The shake-up of Europe’s trading houses was in full flow today as the London Stock Exchange snapped up a stake in Belgium’s Euroclear and US giant Nasdaq entered the bidding for the Norwegian stock exchange.
The LSE will pay £243.35 million for a 4.92% stake in Euroclear and take a seat on the board of the clearing house as competition for exchanges heats up across Europe.
The LSE wants to try to tighten its grip on derivatives clearing in Europe amid fears it could lose business after Brexit.
There has been talk that LSE’s LCH, one of the world’s top settlement houses for derivatives, could lose its dominance in euro-denominated clearing transactions as European politicians want that activity to be relocated to the single-currency area after the UK exits the European Union.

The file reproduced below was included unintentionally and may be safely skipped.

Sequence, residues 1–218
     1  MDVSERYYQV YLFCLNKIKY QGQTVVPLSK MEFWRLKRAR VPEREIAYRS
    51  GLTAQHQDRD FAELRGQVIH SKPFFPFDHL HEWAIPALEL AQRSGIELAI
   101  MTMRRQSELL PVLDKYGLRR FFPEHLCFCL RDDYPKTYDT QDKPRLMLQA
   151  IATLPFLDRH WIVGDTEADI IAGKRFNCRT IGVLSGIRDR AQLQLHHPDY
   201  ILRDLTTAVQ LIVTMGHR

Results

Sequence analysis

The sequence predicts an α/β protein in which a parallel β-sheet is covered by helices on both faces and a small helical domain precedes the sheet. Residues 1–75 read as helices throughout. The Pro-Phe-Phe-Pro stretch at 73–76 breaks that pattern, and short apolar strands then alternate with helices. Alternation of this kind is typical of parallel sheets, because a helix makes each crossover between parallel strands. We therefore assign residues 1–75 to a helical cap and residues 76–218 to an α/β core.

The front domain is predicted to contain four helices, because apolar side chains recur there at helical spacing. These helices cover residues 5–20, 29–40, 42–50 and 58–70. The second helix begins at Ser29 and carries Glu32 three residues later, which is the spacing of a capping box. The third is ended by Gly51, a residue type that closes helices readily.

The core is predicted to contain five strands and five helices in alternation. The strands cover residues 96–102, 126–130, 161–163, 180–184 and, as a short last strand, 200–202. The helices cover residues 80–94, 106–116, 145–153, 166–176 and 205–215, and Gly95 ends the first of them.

Euroclear also settles stock and bond trades for LSE’s smaller rival Euronext, the pan-European bourse with operations in Paris, Amsterdam, Brussels and Lisbon. LSE said the Euroclear deal would add to its earnings and be funded with existing cash and debt facilities.
Analysts hinted a bidding war could break out for Euroclear as US-headquartered Intercontinental Exchange has also built a 10% stake in the clearing house over the past 18 months.
Euroclear was founded in 1968 as part of JPMorgan to settle trades on the then developing eurobond market.
Meanwhile Nasdaq said it had tabled an offer for Oslo Børs worth $770 million (£586 million). It comes after Euronext, the Franco-Dutch exchange operator, made a $711 million takeover attempt last month. The LSE is also rumoured to have considered a bid.
The Oslo Børs board of directors has recommended the Nasdaq offer. Nasdaq already owns the main exchanges in Denmark, Sweden and Finland.